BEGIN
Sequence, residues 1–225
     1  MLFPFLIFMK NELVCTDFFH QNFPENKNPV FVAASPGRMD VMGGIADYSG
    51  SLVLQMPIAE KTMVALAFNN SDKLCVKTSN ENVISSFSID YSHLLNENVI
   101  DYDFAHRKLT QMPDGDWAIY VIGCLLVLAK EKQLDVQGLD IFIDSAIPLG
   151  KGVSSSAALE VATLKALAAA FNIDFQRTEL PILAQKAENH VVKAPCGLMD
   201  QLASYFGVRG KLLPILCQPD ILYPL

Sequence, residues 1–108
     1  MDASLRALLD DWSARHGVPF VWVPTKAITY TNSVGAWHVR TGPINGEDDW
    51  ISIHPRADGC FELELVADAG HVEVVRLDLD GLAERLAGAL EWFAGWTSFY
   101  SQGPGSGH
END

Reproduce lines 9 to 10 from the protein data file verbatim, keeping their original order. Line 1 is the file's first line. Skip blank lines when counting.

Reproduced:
    51  ISIHPRADGC FELELVADAG HVEVVRLDLD GLAERLAGAL EWFAGWTSFY
   101  SQGPGSGH